As November is Asbestos Awareness Month many councils and stakeholder groups across Australia support this campaign by holding events to raise awareness of the dangers of asbestos. On Tuesday 22nd November the ADRI presented lunch time information sessions to Concord Hospital staff not only to raise awareness of the dangers of asbestos but to also
The Board of the Asbestos Diseases Research Foundation (ADRF) is pleased to announce that Prof Ken Takahashi has been appointed as the new ADRI Director. He will take over from Prof Nico van Zandwijk – the Institute’s inaugural Director who has held the position since 2008 – in February of 2017. Ken Takahashi is Professor
The first results from the MesomiR 1 trial, a phase I clinical trial of a targeted delivery of a microRNA-based therapy, were published yesterday in the American Journal of Respiratory and Critical Care Medicine The trial is a collaboration between ADRI, the Sydney-based biotech company EnGeneIC Ltd and three hospitals in Sydney. The treatment consists
The Dr. J. Stumphius Recognition Award, sponsored by Shield Group International, was awarded to Prof. Nico van Zandwijk (ADRI) for his groundbreaking discovery in treating the asbestos cancer called mesothelioma, providing hope and saving lives of untold many people. The award, showing a glass plate on a bronze base, signifying a heavy burden shared by
Researchers from ADRI were well represented at the recent International Mesothelioma Interest Group (iMig) Conference, which was held from 21-24 October in Cape Town. A large number of presentations were made, including 7 short talks and 5 posters, reflecting the broad spectrum of research carried out at ADRI. Find details of the program here, and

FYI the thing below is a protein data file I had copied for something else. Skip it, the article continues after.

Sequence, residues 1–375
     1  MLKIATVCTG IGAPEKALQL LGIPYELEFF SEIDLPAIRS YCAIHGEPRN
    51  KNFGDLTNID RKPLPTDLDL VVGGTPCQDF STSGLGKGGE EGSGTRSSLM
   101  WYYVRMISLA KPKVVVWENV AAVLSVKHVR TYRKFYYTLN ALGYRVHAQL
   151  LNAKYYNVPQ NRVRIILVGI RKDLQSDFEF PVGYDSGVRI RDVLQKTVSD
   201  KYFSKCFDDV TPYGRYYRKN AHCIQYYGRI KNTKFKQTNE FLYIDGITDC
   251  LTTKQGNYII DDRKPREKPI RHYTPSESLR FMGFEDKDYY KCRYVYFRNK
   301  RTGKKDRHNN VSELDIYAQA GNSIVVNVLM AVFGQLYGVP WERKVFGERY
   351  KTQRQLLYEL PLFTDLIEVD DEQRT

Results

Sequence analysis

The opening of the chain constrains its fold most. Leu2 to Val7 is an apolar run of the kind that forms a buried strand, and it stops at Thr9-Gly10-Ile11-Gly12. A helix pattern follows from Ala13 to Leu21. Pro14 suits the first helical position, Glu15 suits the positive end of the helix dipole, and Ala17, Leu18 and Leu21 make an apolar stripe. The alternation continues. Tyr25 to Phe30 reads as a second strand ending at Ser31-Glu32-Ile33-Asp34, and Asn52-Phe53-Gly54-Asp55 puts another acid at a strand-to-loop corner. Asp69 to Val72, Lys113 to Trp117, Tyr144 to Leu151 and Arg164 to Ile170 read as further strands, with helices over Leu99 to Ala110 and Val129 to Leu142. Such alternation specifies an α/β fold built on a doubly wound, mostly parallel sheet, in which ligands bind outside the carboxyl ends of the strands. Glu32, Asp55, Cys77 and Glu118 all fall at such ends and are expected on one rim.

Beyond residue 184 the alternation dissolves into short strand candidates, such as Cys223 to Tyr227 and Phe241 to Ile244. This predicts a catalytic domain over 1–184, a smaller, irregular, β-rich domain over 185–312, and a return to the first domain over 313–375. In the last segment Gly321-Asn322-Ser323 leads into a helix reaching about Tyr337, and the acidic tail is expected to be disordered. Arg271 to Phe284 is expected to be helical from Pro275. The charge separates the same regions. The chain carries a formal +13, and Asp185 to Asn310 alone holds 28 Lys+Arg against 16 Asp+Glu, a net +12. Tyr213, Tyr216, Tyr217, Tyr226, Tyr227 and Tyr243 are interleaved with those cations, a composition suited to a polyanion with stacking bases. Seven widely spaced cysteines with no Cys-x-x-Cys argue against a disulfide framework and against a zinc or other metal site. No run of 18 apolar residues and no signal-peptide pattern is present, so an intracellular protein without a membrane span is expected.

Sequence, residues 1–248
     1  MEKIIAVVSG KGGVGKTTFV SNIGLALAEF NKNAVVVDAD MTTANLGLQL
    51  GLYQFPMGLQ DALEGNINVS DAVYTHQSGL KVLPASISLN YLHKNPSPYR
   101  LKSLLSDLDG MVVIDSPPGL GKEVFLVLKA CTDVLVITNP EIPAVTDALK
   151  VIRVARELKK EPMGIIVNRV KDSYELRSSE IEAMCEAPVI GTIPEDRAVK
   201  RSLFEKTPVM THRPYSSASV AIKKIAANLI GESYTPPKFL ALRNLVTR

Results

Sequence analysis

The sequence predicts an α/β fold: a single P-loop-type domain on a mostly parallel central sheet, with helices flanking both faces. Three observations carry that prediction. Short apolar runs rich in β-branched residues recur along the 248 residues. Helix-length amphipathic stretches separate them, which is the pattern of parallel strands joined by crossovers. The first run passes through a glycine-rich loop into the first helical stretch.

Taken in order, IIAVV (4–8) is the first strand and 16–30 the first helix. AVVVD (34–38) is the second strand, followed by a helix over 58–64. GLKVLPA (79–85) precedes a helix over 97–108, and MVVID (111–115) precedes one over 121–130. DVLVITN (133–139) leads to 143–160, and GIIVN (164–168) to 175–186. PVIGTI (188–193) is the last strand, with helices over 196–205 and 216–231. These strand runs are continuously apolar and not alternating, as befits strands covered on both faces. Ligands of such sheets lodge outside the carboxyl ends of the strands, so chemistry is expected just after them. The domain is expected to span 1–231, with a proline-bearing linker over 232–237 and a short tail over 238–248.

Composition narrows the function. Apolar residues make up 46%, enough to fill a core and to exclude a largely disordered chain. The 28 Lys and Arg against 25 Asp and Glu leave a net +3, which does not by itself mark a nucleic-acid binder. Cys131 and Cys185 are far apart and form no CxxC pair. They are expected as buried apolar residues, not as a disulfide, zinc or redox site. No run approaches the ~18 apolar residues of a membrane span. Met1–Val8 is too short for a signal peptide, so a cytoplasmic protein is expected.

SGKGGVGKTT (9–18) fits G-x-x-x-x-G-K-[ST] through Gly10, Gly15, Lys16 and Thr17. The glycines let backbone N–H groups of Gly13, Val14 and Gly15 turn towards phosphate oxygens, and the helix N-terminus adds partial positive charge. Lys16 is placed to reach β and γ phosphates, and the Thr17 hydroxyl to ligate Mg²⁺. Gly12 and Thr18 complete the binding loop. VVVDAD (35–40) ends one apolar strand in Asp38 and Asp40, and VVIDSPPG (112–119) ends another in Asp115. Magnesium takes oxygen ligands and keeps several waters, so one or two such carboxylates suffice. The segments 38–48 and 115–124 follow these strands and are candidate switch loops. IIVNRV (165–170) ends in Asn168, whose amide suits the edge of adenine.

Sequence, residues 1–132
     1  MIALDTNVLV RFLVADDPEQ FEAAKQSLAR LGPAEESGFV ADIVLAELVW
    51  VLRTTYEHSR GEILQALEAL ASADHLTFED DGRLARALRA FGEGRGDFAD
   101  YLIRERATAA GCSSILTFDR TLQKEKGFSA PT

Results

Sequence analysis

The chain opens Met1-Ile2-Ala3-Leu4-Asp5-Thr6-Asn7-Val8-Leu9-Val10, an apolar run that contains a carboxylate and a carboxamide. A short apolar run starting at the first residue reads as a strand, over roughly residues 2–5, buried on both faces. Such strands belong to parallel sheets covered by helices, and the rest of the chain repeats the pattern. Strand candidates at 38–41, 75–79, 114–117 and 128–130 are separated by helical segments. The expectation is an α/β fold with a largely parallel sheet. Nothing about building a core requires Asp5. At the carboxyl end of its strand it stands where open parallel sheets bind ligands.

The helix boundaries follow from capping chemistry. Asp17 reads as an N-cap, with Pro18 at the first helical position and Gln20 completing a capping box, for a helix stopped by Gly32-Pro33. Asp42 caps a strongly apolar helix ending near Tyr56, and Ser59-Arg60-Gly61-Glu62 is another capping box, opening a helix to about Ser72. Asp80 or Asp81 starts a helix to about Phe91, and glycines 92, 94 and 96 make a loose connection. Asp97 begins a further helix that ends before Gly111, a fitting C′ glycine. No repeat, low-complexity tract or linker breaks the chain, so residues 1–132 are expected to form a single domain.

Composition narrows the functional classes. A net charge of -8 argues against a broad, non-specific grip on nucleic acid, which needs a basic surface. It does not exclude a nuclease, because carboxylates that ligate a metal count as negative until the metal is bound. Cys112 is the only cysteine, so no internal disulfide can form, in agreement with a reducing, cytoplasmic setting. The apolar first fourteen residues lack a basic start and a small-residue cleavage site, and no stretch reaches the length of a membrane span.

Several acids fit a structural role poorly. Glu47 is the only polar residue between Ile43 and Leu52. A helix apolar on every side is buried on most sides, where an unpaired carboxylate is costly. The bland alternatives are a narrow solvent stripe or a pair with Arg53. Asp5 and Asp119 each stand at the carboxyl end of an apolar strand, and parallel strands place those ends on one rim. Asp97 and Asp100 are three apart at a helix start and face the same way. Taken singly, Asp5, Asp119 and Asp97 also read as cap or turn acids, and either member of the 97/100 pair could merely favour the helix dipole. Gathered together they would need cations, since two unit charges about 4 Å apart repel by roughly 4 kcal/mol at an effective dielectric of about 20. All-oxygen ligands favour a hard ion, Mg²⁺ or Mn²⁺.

A study led by ADRI Researcher Dr Anthony Linton has recently appeared in the British Journal of Cancer. The article explores the clinical, pathological and treatment factors associated with prolonged survival in malignant pleural mesothelioma. In a large series of 910 patients registered with the NSW Dust Diseases Board, the prognostic impact of age, gender,
The Cancer Institute NSW Premier’s Awards for Outstanding Cancer Research is an annual event that celebrates excellence and innovation in cancer research. Seven awards were presented on Friday, August 22, to those leading the way in their field. Dr Glen Reid, from the Asbestos Disease Research Institute, accepted one of the awards – the Excellence in
The research leading to ADRI’s upcoming clinical trial has been recognised by the award of one of two best poster prizes at the recent WIN Symposium 2014 in Paris. The study describes the translational research leading to the new microRNA-based treatment approach for malignant pleural mesothelioma and non-small cell lung cancer, and was presented by
Following on from last year’s breakthrough research into the role of microRNAs in malignant pleural mesothelioma, Dr Glen Reid has been awarded a $346,000 grant from the Cancer Council NSW to further ADRI’s research into microRNA-based replacement therapy. One of just 16 applications funded this year, the project entitled “Developing a microRNA-based drug as a
Australian scientists, inventors and surgeons worked together in ground-breaking research that has lead to the discovery of a way to slow down the growth of deadly asbestos-related cancer malignant pleural mesothelioma. The break-through underpins a clinical trial due to start in six weeks.
More than 10,000 Australians have died since the early 1980s, with more than 25,000 expected to die over the next four decades, because of mesothelioma, an asbestos-related cancer. The cancer can take up to 40 years to develop.
This year’s finals of the Concord Repatriation General Hospital Early Career Research Awards were held on 22nd and 29th of October at the ANZAC Research Institute. These yearly research prizes are co-sponsored by Concord Hospital and the ANZAC Research Institute and awarded to early career researchers who primarily undertake their work on Concord Hospital Campus.
Asbestos is the generic term used for a number of silicate minerals with fibrous crystalline structures. For more than 4,500 years naturally occurring fibrous minerals have been used by humans for their flexibility, strength, chemical inertness and insulation qualities. The Romans used asbestos for its flame-retardant and insulation properties by weaving asbestos fibers into fabrics